My Alexandria

I think Mark Doty’s collection was one of the first books I read by a gay poet as a gay literary work. As in, I didn’t read it and find out later he was gay, and I felt like the poems were constructed in and because of a gay identity.

It came into my life at an important moment, although I wouldn’t understand its significance for some time–probably not until I read Cavafy, who Doty references with this title (and who I also love). I was feeling isolated then, and feeling like I had to present queer poems to my mostly heterosexual peers in such a way that they were nonthreatening and, well, kind of funny. (Not their issue; it was clearly my own internalized stuff.)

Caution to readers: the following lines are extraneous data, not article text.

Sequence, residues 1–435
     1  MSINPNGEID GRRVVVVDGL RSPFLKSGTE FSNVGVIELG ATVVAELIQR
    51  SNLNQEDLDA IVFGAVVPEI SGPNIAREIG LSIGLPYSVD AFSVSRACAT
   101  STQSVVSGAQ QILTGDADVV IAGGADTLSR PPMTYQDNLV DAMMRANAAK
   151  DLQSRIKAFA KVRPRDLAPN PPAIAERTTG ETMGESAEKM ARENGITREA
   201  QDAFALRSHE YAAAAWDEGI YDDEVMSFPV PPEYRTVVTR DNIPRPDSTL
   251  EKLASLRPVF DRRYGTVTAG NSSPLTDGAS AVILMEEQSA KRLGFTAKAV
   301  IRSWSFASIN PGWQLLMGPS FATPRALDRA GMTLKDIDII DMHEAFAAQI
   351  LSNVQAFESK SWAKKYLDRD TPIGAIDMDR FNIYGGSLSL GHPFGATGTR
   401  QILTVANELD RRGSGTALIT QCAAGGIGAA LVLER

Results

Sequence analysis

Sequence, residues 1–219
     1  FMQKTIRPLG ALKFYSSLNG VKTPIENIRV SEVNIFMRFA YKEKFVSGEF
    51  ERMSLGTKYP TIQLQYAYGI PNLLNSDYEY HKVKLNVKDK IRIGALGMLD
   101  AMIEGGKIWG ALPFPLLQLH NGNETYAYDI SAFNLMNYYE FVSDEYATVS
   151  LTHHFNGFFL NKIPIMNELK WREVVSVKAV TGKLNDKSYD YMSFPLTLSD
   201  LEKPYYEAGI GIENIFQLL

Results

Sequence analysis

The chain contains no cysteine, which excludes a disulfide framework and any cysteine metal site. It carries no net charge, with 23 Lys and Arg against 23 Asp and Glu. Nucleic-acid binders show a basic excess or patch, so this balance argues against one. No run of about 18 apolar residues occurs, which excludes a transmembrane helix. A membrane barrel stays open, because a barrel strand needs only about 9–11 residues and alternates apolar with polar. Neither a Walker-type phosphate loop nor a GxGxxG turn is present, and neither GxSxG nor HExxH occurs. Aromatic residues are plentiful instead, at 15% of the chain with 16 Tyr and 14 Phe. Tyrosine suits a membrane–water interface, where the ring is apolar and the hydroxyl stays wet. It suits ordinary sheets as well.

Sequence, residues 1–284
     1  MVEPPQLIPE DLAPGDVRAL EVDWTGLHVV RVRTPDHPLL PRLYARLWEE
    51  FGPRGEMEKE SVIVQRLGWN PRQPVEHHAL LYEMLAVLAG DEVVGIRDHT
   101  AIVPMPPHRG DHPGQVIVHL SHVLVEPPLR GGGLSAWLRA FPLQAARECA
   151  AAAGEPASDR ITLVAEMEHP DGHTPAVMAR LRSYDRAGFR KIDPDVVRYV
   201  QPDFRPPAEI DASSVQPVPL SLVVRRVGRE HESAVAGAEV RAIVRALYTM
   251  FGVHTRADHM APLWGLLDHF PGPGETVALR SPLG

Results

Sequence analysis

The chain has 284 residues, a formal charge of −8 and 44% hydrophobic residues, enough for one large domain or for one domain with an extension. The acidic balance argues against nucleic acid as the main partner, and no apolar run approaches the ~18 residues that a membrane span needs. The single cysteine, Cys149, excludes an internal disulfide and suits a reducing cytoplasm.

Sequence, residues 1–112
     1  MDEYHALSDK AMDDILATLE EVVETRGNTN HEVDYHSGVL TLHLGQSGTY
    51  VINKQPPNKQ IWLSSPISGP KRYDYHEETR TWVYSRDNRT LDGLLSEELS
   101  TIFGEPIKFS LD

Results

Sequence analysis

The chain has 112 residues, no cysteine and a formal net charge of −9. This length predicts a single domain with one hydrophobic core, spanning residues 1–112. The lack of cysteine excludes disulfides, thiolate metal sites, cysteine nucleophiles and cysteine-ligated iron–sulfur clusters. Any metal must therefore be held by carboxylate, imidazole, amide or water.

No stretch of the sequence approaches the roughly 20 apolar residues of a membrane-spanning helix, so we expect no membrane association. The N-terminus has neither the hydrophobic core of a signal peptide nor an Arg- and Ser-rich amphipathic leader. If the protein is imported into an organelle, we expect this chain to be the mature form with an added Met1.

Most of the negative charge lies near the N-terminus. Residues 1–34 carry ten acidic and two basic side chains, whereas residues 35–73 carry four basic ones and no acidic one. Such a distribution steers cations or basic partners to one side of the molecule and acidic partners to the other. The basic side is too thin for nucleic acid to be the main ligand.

This book felt then like a kind of artifact, and I don’t mean that disparagingly, in that it was old or outmoded. It felt like something that contained a great deal of knowledge and value, something that needed discovery. It’s really the last section that I continue to inhabit now, even as I have gone on and explored the ways in which gay perspectives and experience can be included in my work.

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